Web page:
Southside House in Wimbledon – A family’s museum

First thing that comes to mind when we think of Wimbledon is tennis. But, there is more to this lush community than a fortnight of tennis championships. Southside House is one of the jewels of Wimbledon Village.

Here’s a photo tour of this venerable home:

The back entrance opens onto the music room where concerts are given periodically. Vintage elegance would describe the decor and appointments.  In one corner  resides a worn leather travel trunk. For years it languished in the basement, undisturbed until someone

became curious about its contents and opened it. They found

dozens of Hilda Pennington-Mellor’s designer clothes.

Such as this one:

Hilda Pennington-Mellor married Axel Munthe,

even though her parents were opposed to the marriage.

She was born of high society and dressed the occasion. A room has been

dedicated to some of her most exquisite attire.

As you survey the music room, your eye cannot help but fall on the worn

rocking horse  pushed against the wall. Many a child has spent pleasant

hours upon its back.

The picturesque dining room with table set for

royalty. And, indeed, royalty was a frequent guest  at

the Pennington-Mellor home.

But, elegance was commonplace. This was Hilda’s breakfast room. Notice at the top of the photo, this is a three-sided window…except you can just make out that there is something covering the right window (a painting). Hilda wanted her privacy as she had breakfast so she hung a picture over the window.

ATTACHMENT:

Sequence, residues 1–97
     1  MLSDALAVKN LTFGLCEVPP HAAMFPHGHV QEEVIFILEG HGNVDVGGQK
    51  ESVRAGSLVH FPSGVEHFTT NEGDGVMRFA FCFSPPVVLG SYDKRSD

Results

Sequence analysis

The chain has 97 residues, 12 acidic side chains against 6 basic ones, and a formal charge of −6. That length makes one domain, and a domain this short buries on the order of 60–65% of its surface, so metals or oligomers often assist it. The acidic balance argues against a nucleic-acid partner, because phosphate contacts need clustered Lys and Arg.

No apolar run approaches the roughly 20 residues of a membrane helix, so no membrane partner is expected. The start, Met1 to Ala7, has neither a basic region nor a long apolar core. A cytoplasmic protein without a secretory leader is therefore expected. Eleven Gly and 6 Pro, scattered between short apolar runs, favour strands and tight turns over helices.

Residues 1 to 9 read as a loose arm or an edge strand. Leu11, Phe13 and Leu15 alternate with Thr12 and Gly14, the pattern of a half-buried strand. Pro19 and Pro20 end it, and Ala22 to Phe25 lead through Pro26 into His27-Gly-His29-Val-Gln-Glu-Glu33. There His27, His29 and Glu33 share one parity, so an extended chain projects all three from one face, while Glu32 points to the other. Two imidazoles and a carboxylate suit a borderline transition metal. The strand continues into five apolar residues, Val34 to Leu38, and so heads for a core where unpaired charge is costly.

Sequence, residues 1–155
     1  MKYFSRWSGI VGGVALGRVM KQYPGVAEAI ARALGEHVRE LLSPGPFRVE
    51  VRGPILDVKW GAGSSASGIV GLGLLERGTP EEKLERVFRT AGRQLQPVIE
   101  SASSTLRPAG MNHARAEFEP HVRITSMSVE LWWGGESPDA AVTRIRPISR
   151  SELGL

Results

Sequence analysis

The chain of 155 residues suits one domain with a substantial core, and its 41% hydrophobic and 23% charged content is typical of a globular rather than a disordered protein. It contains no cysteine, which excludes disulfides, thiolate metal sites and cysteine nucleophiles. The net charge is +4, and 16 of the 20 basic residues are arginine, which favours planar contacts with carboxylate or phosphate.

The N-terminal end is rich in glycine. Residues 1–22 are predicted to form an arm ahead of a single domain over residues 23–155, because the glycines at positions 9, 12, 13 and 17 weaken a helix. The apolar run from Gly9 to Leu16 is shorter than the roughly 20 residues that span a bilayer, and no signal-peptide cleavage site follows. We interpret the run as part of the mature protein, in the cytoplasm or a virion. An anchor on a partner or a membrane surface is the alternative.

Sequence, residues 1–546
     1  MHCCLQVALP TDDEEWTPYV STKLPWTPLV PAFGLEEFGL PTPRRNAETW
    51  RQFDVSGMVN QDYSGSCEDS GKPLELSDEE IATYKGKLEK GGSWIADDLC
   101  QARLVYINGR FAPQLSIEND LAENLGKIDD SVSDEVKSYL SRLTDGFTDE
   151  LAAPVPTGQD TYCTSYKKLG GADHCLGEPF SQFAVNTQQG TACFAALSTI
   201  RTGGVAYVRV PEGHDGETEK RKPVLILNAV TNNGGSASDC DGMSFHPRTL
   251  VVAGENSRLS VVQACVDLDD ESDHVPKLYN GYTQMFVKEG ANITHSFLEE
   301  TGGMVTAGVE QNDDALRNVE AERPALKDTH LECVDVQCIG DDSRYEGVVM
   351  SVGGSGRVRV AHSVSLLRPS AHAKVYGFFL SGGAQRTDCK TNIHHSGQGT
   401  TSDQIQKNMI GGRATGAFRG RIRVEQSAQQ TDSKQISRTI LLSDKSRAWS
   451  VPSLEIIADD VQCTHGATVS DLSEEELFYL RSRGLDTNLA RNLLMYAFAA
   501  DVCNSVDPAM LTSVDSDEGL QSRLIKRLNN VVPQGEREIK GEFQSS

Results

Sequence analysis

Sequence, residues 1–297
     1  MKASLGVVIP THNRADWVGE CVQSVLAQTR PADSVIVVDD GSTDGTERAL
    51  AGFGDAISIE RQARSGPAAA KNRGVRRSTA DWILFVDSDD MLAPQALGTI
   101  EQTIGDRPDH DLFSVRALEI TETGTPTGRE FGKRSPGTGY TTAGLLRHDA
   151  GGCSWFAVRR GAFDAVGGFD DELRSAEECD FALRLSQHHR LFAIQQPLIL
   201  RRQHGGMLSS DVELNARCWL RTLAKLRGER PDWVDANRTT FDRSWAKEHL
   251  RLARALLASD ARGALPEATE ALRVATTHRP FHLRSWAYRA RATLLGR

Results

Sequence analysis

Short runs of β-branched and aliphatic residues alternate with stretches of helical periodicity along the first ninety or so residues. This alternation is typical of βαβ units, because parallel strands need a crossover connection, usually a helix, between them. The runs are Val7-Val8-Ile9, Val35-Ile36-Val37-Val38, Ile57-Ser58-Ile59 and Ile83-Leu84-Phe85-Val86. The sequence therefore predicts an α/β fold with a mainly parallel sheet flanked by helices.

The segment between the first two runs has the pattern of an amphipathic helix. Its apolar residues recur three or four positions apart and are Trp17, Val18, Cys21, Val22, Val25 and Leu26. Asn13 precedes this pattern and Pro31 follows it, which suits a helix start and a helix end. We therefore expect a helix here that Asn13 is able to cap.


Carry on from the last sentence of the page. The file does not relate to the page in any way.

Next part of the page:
At the end of this passageway is a diminutive

door. A servant would be behind a side opening to dust a guest’s wig before he was presented to his host. The guest would hold his head back, the servant would use a bellows and dust (chalk) the wig. The traveler would hold a cone-shaped paper over his face to prevent inhaling the dust.

Malcolm Munthe, Hilda’s youngest son, was a member of the S.O.E. during WWII working behind enemy lines in Nazi occupied Norway. When he returned, he passionately

worked to restore the damage inflicted on Southside House from bombs.  This is his library (the most interesting of all the rooms in the home). Pictures, books, paraphernalia… all tell a story of this man’s character.

Molly, our tour guide, is pointing out the portrait of Hilda as a young child. Her beauty was unquestioned.

One hour Tours:  Wednesday, Saturdays, and Sundays between Easter Saturday to October 2nd.

Admission:   Adults  5.00 pounds; Children 2.50 pounds; families 10.00 pounds.

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